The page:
It was a Mormont prized possession for centuries.
Warning: This article contains spoilers for the latest Game of Thrones episode, “Beyond the Wall.”
With Game of Thrones’ fast-paced season, “Eastwatch” moved all of the pieces together so that the “Magnificent Seven”—Jon Snow, Ser Jorah Mormont, Gendry, Tormund Giantsbane, Beric Dondarrion, Thoros of Myr, and Sandor Clegane—could venture beyond the Wall to capture a wight. But in “Beyond the Wall,” fans finally got some of the conversations they hoped would take place last week—including one character trying to return a gift to another.
Jon and Jorah have traveled north together since leaving Dragonstone, but it wasn’t until they ventured beyond the Wall that they finally discussed their common link: like Samwell Tarly earlier in the season, Jon was loyal to Jorah’s father, Lord Commander Jeor Mormont, and wanted to do right by him. They reminisced about their fathers, but Jon wanted to return something that he felt belonged to Jorah.
“Your father gave me this sword,” Jon said. “Changed the pommel from a bear to a wolf, but it’s still Longclaw. Lord Commander Mormont thought you’d never come back to Westeros. But you are back, and it’s been in your family for centuries. It’s not right for me to have it.”
Jorah held it for a moment, but he didn’t want it. Jon felt that it should go to Jorah because he was Jeor’s son—and Longclaw had been a Mormont family heirloom for centuries—but Jorah had seen enough of Jon’s leadership (and his own shame) to know that blood didn’t matter anymore.
“I brought shame onto my house,” Jorah explained. “I broke my father’s heart. I forfeited the right to claim this sword. It’s yours. May it serve you well and your children after you.”
“A bloody dead man tried to kill me”
This well-intentioned (albeit poorly thought-out given the locale) gesture between Jon and Jorah echoes how Jon came into possession of the Mormont family sword in the first place. And like their trek up north, it involves wights.
In the season 1 episode “The Pointy End,” Jon had been sent to his quarters after he and Ser Alliser Thorne nearly came to blows. Despite his punishment, Ghost sensed something outside and led Jon into Jeor Mormont’s chambers. The door was open and all seemed calm until one of the dead men recovered by the Night’s Watch—who was in Benjen Stark’s ranging party—charged after Jon. A knife didn’t work on the man, so Jon tried his sword. By this time, Jeor Mormont had woken up in time to witness the dead man pull the sword out of his stomach and go forward. At his own personal risk, Jon grabbed the oil lamp Mormont carried and threw it at the wight, killing it.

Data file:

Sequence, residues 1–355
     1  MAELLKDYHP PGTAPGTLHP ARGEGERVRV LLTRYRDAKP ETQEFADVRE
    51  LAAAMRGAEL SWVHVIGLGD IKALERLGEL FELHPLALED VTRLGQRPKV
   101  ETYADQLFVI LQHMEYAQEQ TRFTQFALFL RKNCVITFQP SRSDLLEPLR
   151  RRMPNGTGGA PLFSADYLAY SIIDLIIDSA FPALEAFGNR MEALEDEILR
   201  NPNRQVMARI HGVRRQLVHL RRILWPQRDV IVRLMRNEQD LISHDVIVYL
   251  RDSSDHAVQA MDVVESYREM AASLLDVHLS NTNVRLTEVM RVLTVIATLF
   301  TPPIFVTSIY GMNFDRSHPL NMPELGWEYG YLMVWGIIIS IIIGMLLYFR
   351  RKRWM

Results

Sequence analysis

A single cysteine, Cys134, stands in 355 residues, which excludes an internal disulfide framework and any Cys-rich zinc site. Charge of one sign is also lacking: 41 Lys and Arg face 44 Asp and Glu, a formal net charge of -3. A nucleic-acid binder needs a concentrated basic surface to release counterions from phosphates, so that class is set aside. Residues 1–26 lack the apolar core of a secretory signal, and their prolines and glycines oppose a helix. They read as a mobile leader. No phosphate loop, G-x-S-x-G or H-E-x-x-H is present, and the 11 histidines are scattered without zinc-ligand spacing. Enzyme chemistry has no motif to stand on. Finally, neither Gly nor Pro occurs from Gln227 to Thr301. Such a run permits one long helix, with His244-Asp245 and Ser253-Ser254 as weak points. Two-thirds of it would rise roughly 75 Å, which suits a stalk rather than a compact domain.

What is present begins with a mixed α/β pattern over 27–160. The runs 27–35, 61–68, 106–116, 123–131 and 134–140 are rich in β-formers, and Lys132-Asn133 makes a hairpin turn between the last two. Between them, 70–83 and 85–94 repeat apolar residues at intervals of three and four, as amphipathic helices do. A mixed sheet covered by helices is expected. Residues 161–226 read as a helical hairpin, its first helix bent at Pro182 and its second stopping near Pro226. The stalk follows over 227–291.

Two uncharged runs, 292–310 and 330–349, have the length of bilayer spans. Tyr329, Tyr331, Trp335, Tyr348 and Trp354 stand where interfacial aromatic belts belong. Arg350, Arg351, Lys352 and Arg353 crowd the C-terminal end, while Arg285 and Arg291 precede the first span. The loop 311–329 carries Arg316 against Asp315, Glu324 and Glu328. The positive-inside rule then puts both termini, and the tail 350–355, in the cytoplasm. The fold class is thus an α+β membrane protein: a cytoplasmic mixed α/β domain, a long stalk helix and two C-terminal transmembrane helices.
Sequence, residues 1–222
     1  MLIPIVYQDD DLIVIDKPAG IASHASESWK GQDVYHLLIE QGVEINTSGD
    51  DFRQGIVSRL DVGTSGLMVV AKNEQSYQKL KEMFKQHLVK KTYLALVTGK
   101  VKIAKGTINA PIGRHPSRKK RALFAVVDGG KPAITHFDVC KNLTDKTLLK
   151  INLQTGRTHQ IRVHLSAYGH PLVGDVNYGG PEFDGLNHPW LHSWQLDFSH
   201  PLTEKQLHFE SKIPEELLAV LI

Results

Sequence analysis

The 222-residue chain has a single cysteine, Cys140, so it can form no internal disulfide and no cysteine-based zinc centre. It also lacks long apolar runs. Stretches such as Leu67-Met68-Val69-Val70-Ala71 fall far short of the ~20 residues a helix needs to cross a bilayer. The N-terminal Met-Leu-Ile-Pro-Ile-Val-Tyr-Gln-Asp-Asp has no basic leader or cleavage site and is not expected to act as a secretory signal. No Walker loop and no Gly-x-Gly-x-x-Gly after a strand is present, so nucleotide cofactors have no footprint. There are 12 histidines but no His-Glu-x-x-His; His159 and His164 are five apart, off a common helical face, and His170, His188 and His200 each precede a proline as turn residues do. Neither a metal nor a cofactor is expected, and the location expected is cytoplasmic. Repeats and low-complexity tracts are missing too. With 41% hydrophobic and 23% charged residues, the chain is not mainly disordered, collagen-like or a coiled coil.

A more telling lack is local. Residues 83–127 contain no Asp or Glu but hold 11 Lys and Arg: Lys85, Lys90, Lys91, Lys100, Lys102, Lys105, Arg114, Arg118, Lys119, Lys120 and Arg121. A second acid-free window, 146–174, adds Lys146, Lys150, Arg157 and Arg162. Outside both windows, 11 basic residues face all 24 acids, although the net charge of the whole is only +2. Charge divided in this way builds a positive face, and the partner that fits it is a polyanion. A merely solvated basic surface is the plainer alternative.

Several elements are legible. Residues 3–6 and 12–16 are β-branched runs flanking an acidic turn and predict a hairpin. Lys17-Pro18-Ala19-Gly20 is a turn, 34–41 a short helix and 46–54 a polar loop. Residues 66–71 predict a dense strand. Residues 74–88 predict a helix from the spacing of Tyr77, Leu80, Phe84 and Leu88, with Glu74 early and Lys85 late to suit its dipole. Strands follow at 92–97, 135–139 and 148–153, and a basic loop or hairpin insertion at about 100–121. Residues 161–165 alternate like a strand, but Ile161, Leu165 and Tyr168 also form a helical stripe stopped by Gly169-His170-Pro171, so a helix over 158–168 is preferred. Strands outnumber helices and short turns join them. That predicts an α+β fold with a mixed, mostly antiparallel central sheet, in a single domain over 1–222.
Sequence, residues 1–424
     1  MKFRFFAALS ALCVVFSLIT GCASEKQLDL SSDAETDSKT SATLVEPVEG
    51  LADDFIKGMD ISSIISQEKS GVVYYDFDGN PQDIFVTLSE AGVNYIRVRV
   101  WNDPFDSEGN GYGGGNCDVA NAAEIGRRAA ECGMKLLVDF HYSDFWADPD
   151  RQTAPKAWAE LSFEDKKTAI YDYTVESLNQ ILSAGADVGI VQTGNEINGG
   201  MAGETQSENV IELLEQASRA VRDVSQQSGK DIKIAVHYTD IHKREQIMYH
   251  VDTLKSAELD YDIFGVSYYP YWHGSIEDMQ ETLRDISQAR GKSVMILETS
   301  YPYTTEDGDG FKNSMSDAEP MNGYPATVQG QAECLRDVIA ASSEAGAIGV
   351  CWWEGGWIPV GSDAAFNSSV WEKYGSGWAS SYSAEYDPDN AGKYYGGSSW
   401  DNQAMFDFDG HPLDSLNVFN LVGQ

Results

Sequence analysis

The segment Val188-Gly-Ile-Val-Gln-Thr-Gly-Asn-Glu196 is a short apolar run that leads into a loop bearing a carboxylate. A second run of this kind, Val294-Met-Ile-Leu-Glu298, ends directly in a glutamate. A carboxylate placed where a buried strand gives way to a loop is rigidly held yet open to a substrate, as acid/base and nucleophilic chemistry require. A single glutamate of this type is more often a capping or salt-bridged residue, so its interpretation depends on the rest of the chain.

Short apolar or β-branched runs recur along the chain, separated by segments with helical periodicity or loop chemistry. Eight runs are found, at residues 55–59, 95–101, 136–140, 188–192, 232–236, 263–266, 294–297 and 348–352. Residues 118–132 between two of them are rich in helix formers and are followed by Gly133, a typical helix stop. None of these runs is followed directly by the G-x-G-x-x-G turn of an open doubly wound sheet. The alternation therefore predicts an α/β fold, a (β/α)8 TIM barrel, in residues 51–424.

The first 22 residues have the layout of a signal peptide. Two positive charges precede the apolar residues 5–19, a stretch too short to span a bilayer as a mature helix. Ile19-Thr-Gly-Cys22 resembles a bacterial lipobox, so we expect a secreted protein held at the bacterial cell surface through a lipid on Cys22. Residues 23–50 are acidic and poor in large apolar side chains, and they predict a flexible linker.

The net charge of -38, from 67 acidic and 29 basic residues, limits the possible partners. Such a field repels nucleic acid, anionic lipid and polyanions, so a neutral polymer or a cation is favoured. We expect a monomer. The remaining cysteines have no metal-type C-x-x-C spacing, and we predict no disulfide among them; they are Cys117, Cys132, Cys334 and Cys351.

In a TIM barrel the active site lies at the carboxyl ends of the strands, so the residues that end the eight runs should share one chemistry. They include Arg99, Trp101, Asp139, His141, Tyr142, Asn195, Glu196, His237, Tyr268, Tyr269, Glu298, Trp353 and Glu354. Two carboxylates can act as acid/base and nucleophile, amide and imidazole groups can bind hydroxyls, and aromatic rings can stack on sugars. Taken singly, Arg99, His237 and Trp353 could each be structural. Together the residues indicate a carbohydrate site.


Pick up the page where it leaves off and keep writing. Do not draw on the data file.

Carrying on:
Although Jon’s aunt Daenerys may be immune to fire, Jon was not, so he burned his hand by saving Mormont’s life. But Mormont—who Sam had already suspected chose Jon to groom him into a future Lord Commander—was grateful enough that he gifted Jon with a Valyrian steel sword named Longclaw.
“I thought a wolf was more appropriate for you than a bear so I had a new pommel made,” Jeor said. “It’s called Longclaw. Works as well for a wolf as a bear, I think.”
Jon, who knew of Valyrian steel and had witnessed Ned Stark use the Stark family sword Ice before, couldn’t accept something so rare and invaluable. Mormont, however, didn’t want to hear any of Jon’s protests.
“It was my father’s sword, his father before him,” Jeor Mormont said. “The Mormonts have carried it for five centuries. It was meant for my son Jorah. He brought dishonor to our house, but he had the grace to leave the sword before he fled from Westeros.”
Jeor hasn’t forgotten the fight between Jon and Alliser Thorne, but in this instance, he wanted to make sure Jon was properly rewarded for his selfless act. For perhaps the first time, Jon is commended for his bravery by his fellow brothers, and Longclaw has been by Jon’s side ever since. Even at the edge of the world.
The small but proud house of Mormont
Even before Valyrian steel was revealed to be one of the only weapons capable of killing White Walkers, it was a rare and valuable commodity in Westeros. The art of creating an item from it (whether weapon or maester chain) had been lost to time after the Doom of Valyria, and even the art of creating new weapons from existing swords—like the creation of Oathkeeper and Widow’s Wail from Ice—was something only a handful of people know. So the weapons that did exist were passed down family lines.
The Mormonts were in possession of one such item, a bastard sword called Longclaw. And like other houses, it passed down the family line. Jeor Mormont left it at Bear Island when he joined the Night’s Watch for Jorah to take it. However, Jorah wouldn’t remain Lord of Bear Island for long. He had married a woman with expensive taste, and in order to afford it, he took part in slave-trading, one of the worst crimes you can commit in Westeros. Having been discovered, Jorah lost his titles and fled to Essos so Ned—the lord he served—could not execute him. (Years later, Jon would be glad that Ned Stark was never able to execute Jorah for his crimes.) Jorah was in the wrong and he knew it. He found himself no longer worthy of a great Valyrian steel sword like Longclaw, so he left it at Bear Island. Jeor ended up getting the sword back to eventually give to Jon.
As Lyanna Mormont, Jorah’s niece and the current ruler of Bear Island, said in season 6, “We are not a large house, but we are a proud one.” And Jorah may have done shameful things before fleeing Westeros, but he knew better than to take Longclaw with him.
Jon is still grappling with his new life after the Lord of Light brought him back from the dead and he may have felt that he shouldn’t carry Longclaw any longer after Jorah returned to Westeros. But Jeor—and now Jorah—both saw something even greater in him. And although father and son may become estranged late in life, they both knew one thing: that Jon Snow was more than worthy of wielding Longclaw.